From Raspberry Pi to 24 Core Server: The evolution of my at-home computing infrastructure

My journey in building a “homelab”, like many others, started out with the purchase of a 2nd generation Raspberry Pi model B in 2015. It was connected to a now aging ASUS 802.11ac router, and foolishly double-NAT’d to an archaic Verizon FiOS router (this was back in high school when I knew very little about networking). I managed to dig up a picture I took for the presentation that coincided with the school project I bought the RPi for:

Fast forward to 2021, and here’s what my setup looks like today:

EdgeRouter X with a UniFi AP-AC PRO
Late 2014 Mac mini connected to a unmanaged TP Link switch
Refurbished Dell Precision 7810 with Dual Xeons, 128 GB of ECC DDR4, 2 TB of flash backed storage, and 1 TB of spinning drive backed storage

Compute Upgrades

The upgrade process to get to today’s end result didn’t happen overnight; over the course of the past 6 years I have gone through a 3rd generation Raspberry Pi, an old HP laptop (the same one used in my “World’s worst Hackintosh” post), and a Dell SFF desktop provided by a previous employer that was about to throw it out. The first RPi, and subsequent pieces of hardware, mainly served as file and HTTP servers. I was running my main website,, at home on the first and third generation RPis for several years up until last year when I migrated the site to Digital Ocean. After moving to a more Windows based infrastructure with the HP laptop and Dell SFF, I began running Plex for in home streaming and media management. Little did I know that my needs would continue to grow past Plex, to the point where I now run two Aerospike CE instances, Mongo DB, Microsoft SQL Server, Plex, several ASP.NET Core applications in IIS, and more on a single machine. This is all possible thanks to the refurbished Precision 7810 tower. Equipped with dual Intel Xeon E5-2678s totaling 24 cores and 48 threads, 128 GB of ECC DDR4 RAM, a 480 GB Intel DC series SSD, 1 TB Samsung 860 EVO SSD, 500 GB SanDisk Ultra SSD, and a 1 TB WD Blue spinning hard drive, this machine still has plenty of headroom for future projects. Instead of running Windows on bare metal like I’ve done previously, I instead opted to run Proxmox VE as my hypervisor and run Windows Server 2019 in a single VM.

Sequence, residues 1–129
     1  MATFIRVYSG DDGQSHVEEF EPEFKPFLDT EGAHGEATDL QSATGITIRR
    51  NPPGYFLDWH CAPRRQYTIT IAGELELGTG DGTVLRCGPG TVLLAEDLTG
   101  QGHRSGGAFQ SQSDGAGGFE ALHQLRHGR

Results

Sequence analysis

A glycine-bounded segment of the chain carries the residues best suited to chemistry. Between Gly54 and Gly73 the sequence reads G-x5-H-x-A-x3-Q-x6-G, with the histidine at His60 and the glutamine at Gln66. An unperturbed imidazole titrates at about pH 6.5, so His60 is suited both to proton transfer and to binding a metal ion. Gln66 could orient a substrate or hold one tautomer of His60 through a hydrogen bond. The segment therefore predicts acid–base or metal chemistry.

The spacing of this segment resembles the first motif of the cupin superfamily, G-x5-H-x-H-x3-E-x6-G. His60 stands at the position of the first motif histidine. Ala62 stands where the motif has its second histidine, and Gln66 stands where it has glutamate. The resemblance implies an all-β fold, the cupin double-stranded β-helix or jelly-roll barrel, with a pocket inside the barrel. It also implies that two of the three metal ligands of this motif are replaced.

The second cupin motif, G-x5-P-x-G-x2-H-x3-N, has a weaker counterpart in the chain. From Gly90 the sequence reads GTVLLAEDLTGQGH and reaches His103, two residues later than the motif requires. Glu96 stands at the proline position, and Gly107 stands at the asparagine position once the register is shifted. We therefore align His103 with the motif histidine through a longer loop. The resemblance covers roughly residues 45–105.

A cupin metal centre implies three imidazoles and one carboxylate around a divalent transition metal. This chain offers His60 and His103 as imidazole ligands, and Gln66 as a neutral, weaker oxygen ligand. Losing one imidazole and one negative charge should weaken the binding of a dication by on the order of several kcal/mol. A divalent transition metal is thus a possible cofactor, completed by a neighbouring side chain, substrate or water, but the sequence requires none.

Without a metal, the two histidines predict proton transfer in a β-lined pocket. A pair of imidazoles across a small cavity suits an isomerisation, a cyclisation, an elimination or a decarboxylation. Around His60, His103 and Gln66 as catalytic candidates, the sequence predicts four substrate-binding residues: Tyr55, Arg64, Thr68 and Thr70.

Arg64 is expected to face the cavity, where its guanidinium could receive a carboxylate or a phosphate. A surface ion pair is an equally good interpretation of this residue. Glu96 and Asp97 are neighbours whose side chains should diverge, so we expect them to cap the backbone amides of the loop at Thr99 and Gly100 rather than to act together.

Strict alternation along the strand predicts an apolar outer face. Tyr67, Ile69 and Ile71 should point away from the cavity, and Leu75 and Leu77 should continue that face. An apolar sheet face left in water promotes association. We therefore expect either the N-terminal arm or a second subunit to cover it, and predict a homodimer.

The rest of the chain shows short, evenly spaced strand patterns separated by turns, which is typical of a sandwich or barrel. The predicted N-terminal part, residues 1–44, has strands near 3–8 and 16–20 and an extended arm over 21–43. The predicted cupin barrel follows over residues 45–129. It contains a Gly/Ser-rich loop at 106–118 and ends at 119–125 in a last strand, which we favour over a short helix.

Proxmox VE dashboard

As you can see from the dashboard, I’m barely pushing the machine. I have Aerospike 5 Community Edition running in two CentOS 7 VMs for full replication, and a third CentOS 7 VM running MS SQL Server and Mongo DB 4.4. I do quite a bit of experimentation with databases, as well as supporting the Pseudo Markets project through this infrastructure, hence having 3 VMs just dedicated to running database engines. Complimenting the Precision tower is the 2014 Mac mini which primarily serves as a SMB file store since I do mobile development on my 2018 MacBook Pro these days.

Network Upgrades